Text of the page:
First you need an airpump, these vary in size so get one suitable for your tank, you then need some airpipe, this goes from the pump to the airstone/curtain in your tank, then as aforementioned, an airstone/curtain, connect them all up and away ye go


Could you explain the point to all the different sizes? Why do bigger tanks require more powerful airpumps? I'm using a 20 gallon air pump on my 10 gallon tank cause I figured more is better but it really doesn't seem to make any sense to me.

Hm...play sand is a lot finer than coral sand isn't it? I was afraid it would stir the sand all up if I buried it.

#10 paul_219

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Posted 13 August 2008 - 08:09 PM

They well needed u need to have it in your tank.

#11 8inary

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Posted 13 August 2008 - 08:37 PM

Hi Ron, bigger tanks may require bigger airpumps because (sorry if this sounds basic) if you were to stick a small pump in a 1000ltr tank, it will look like a fish fart, however if you wack a decent sized one you will get a pretty nice effect and some good surface disturbance. You would not however stick such a pump on a small tank, it would pretty much empty the tank.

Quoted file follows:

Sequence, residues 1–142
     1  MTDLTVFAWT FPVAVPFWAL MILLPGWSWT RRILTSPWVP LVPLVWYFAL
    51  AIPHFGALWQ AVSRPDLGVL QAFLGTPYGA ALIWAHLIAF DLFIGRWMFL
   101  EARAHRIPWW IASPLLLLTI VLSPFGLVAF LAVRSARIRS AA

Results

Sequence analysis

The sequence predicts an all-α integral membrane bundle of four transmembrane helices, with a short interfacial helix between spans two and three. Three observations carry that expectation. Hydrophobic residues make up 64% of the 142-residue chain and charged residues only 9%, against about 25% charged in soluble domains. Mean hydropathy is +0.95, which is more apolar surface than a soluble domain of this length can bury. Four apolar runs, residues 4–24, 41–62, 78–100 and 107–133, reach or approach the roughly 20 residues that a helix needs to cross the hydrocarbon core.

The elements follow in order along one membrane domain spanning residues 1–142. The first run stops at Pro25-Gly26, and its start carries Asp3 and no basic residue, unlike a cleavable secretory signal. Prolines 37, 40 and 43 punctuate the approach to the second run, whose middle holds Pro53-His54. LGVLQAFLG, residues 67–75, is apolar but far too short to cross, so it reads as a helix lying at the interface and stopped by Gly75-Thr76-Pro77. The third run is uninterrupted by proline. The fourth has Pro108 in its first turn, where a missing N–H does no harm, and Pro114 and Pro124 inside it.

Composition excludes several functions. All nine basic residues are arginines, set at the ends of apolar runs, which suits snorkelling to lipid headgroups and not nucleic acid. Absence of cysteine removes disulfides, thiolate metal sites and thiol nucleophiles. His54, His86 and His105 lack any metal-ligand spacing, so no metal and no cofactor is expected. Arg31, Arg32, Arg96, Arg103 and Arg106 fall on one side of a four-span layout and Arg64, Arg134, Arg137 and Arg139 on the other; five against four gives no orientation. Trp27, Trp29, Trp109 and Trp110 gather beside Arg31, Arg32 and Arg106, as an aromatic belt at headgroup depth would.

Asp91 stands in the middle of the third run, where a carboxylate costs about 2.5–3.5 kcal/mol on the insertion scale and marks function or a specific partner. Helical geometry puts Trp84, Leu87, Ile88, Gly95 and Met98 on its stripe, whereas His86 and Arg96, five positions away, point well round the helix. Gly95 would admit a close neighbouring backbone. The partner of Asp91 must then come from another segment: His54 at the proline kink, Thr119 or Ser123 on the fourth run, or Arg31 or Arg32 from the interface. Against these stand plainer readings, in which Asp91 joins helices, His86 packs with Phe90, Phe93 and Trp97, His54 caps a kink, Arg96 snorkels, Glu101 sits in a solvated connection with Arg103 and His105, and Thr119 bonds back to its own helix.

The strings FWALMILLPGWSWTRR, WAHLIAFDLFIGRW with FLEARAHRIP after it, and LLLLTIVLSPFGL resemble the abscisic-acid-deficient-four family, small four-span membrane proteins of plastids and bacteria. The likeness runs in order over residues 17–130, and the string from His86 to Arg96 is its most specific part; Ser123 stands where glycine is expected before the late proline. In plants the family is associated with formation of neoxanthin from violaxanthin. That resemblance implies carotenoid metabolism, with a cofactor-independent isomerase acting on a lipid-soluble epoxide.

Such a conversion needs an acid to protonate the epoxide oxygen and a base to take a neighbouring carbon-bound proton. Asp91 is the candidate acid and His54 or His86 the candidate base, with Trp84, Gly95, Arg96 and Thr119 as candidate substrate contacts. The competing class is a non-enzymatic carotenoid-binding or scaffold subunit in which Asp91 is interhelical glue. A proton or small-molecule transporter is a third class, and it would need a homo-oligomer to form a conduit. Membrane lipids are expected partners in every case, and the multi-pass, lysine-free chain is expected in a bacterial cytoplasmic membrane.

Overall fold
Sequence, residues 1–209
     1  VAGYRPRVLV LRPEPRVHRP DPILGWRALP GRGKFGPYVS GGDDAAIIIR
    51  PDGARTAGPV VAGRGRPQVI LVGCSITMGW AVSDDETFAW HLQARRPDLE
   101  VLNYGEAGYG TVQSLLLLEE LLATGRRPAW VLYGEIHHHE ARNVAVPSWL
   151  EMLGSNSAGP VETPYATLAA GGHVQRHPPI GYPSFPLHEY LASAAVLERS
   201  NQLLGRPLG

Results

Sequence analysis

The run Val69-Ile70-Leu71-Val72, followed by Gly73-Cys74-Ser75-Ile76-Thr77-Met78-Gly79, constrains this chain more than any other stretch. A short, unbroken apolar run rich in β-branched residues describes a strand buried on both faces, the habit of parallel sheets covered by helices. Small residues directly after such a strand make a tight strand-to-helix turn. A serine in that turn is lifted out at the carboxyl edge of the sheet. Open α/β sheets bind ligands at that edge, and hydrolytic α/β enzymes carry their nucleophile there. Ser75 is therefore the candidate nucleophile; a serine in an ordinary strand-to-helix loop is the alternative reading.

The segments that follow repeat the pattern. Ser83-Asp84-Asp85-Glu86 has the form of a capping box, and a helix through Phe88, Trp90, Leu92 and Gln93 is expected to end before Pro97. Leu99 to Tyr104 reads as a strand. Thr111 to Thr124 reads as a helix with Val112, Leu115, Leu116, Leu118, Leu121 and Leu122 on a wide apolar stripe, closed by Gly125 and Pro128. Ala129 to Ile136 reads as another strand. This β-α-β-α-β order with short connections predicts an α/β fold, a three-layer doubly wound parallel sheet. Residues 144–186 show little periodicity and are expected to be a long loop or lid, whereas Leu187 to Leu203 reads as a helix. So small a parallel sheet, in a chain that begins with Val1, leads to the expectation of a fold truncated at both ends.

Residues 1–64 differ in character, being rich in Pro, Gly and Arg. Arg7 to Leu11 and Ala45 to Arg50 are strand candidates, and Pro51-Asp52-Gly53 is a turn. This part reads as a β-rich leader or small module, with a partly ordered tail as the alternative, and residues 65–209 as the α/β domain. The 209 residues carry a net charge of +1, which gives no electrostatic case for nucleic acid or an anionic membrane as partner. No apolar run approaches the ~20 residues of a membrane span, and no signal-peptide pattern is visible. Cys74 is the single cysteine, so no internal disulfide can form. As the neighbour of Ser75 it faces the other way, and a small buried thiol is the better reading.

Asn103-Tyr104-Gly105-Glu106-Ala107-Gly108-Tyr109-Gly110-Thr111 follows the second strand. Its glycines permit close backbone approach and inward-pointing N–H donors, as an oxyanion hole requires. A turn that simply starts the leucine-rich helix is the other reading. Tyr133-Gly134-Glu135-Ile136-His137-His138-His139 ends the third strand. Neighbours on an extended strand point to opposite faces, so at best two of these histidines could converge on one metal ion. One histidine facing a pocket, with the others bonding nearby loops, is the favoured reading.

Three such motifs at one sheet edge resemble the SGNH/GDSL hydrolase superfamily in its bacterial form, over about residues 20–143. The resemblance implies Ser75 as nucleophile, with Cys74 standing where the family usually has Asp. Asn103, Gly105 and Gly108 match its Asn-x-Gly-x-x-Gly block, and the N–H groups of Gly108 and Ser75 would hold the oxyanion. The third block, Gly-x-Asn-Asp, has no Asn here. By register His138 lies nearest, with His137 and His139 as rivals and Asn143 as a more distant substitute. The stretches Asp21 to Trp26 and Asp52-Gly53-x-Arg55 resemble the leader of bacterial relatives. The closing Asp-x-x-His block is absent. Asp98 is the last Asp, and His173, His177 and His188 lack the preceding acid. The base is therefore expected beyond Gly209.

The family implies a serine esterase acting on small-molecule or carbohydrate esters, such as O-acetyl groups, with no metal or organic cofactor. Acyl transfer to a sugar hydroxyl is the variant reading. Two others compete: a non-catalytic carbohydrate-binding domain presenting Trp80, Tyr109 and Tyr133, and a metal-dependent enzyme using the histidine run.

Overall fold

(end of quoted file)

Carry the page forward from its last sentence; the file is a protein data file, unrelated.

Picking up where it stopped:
The one in my vid, is pushing around 4000ltrs/hour however what you do not see, is that I have a hospital/treatment tank under the unit, and I have an airstone in that, as the pump I have, pushes out 4000ltrs/hour whether you want it or not, so some purging may happen under the unit under the tank to equalize the amount going into the main tank...so in effect, mine is doing two tanks, which is ok as this same pump I have seen in fish shops, running all their tanks!

Also, I would imagine your airpump is ok to have under the sand, I have one similar in yet another tank I have, which has sand in it, not coralsand like my main tank, it looks good also. Why not install a blue tube light to give your bubbles a blue look.

Hi Paul, not sure what your comment means?

Edited by 8inary, 14 August 2008 - 09:05 AM.


#12 TheMerovingian

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Posted 14 August 2008 - 10:28 AM

lmao :lol: :lol:
" fish fart " :lol:
that is cracking me up!!!

#13 OldMan47

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Posted 15 August 2008 - 01:45 AM